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Dec- 31,v 1946I
,
'
e. D. RECHTON ETAL
2,413,518
METAL FORMING MACHINE
Filed June 18, 1945
2 Sheets-Sheet l
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2,9
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680/296
Rec/7T0”
Jack H‘ Wat/0n
.
MM
ATTORNEV
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Dec- 31, 1945-
G. DfREcHToN E'ILALY
2,413,518
METAL FORMING MACHINE
' Filed June 18, 1943
2 Sheets-Sheet 2
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Geo/ye 0 Rec/van
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.mMmUNmm
A7’ TORNEY
- 2,413,518
Patented Dec. 31 ,‘ 1946
UNITED STATES PATENT OFFICE
George D. Rechton and Jack H. Watson, Los
Angeles, Calif., assignors to Douglas Aircraft
Company, Inc., Santa Monica, Calif.
Application June 18, 1943, Serial No. 491,410
14 Claims. (Cl. 153-—21)
1
pulled apart. On the other hand, a sustained‘
This invention relates to a metal forming ma
application of a lesser stress over several seconds
chine of the type in which two vertically mov
ing cooperating axially alined dies are brought
into simultaneous contact with a work article
disposed between them and particularly to a ma
chine of this character for changing the shape
or repeated separate applications of a lesser stress,
will permanently elongate the rod to the same
length without rupturing it.
rl‘he particles of
metal in the latter case “creep” slowly into their
new positions without breakage of their vcohesive
of an article, such as a dimpling machine for
bond. The same principle applies to compressive
annularly flanging a sheeted article around a
and bending stresses. Especially is this true of
perforation for receiving a rivet or other fas
repeated separate applications or a lighter stress,
tener having a conical manufactured head. The 10 if the applications are of relatively long time
invention as to some of its features is applicable
duration, such as result from percussion blows by
to any machine for forming a work article be
one die upon a work article supported by a cush
tween two reciprocatively movable dies arranged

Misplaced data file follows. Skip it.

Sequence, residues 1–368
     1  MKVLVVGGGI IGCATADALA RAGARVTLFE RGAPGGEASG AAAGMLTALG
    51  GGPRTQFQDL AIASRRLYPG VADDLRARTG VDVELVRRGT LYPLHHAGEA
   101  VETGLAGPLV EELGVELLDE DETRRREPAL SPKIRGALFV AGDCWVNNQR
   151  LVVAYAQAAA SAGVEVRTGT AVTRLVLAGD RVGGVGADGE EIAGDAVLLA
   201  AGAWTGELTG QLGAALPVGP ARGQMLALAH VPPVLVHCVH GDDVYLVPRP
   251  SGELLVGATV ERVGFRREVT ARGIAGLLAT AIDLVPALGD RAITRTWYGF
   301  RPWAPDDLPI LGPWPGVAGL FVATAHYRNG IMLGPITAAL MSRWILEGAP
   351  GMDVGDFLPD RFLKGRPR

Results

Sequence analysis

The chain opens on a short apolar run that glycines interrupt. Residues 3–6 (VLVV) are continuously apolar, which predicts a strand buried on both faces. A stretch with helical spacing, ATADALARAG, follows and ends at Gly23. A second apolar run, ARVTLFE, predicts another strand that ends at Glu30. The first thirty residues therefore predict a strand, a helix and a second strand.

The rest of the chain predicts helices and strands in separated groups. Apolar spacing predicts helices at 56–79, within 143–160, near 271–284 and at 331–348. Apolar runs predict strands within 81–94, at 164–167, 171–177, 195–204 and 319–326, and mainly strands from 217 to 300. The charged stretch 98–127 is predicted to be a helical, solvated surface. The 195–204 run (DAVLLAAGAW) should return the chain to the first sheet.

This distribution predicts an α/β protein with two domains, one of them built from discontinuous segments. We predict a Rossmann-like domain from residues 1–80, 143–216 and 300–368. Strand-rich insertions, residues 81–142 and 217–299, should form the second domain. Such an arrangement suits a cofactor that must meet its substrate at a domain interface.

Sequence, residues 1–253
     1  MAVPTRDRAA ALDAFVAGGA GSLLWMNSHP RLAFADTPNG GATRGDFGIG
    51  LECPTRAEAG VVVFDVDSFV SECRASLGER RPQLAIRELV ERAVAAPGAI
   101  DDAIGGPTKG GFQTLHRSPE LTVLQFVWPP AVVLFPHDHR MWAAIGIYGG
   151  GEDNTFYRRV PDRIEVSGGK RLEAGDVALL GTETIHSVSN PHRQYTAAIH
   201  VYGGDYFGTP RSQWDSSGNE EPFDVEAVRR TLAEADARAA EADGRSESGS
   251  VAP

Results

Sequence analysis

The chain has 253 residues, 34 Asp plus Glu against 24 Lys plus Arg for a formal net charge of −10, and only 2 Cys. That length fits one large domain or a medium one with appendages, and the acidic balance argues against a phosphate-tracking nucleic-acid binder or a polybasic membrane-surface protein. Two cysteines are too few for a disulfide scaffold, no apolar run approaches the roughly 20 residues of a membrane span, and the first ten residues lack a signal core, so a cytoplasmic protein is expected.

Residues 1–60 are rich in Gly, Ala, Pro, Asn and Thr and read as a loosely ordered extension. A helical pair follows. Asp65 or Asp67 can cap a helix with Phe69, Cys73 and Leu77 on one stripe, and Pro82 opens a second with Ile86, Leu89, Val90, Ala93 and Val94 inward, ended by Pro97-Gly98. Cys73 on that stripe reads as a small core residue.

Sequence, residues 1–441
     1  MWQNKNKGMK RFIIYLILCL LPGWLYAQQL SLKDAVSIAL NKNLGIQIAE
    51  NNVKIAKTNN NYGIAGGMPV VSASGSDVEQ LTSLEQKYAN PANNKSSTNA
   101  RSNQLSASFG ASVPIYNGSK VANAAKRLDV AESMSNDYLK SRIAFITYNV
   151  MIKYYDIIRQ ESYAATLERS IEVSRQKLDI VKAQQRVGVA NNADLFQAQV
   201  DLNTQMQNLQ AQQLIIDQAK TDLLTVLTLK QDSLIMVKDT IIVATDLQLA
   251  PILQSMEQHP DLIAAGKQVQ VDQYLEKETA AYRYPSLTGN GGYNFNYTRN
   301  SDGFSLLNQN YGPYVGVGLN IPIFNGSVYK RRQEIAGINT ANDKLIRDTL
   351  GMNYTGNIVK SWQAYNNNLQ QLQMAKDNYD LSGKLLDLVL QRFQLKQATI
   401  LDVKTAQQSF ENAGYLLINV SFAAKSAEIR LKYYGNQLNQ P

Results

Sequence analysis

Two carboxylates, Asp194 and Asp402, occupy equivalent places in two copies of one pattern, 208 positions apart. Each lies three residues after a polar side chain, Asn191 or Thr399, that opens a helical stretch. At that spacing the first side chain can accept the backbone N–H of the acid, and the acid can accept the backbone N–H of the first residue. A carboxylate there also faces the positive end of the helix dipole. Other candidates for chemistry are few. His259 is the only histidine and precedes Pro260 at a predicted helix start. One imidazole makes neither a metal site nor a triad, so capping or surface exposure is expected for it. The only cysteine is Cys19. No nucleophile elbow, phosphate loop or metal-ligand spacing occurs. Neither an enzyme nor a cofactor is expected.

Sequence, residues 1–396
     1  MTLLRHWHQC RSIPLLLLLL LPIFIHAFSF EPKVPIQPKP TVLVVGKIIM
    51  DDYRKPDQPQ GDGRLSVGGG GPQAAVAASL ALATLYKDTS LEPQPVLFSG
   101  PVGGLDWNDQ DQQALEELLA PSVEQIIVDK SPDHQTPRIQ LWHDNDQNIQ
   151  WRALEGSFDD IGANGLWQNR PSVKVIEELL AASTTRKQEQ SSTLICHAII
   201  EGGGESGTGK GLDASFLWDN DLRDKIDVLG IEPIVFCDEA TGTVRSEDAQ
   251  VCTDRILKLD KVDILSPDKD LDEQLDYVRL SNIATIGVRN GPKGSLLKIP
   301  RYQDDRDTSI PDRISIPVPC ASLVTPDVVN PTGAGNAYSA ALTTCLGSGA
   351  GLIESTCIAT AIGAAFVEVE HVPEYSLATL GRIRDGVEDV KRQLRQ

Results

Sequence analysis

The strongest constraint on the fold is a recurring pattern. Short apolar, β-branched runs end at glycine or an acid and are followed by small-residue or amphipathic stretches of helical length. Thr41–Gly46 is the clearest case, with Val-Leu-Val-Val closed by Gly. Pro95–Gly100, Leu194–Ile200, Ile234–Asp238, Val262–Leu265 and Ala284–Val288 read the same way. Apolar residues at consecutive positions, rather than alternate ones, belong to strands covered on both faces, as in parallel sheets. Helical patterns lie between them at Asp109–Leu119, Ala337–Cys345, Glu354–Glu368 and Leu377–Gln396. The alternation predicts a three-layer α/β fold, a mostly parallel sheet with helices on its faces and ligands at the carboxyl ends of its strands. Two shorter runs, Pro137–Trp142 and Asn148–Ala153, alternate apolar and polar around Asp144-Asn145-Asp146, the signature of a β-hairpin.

to formingly Contact opposite sides of the work
article.
'
ioned bucking die.
It is accordingly an object of this invention
15
to provide a forming machine (and especially a
.
In dimpling and similar forming operations
upon a, work article, particularly operations in
machine for forming metal sheets such as a
dimpling machine) of improved characteristics,
volving bending, a sheet of an aluminum or mag
nesium alloy such as is used in aircraft manufac
ture, where a lightweight material is desired, ex
in which the forming operation is effected by a
v20
perience shows that if the forming is e?ected
by a single pressural contact, whether of a squeeze
succession of automatically repeated, relatively
light percussive pressures, or “shots” of the form
ing dies.
It, is another object of the invention to pro
or percussion character, of sufficient force to se
vide in such a machine means for automatically
cure the desired result, fracture weakness devel
determining the number of the relatively light
25
ops in the bend portion of the work article, and
percussive shots.
that if the same forming is eiiected by a number
It is another object of the invention to provide
of light blows, no fracture weakness results. This
in such a machine means for automatically tim
may probably be explained in part by the fact
that in the interval between two light blows the
metal molecules move into new relative positions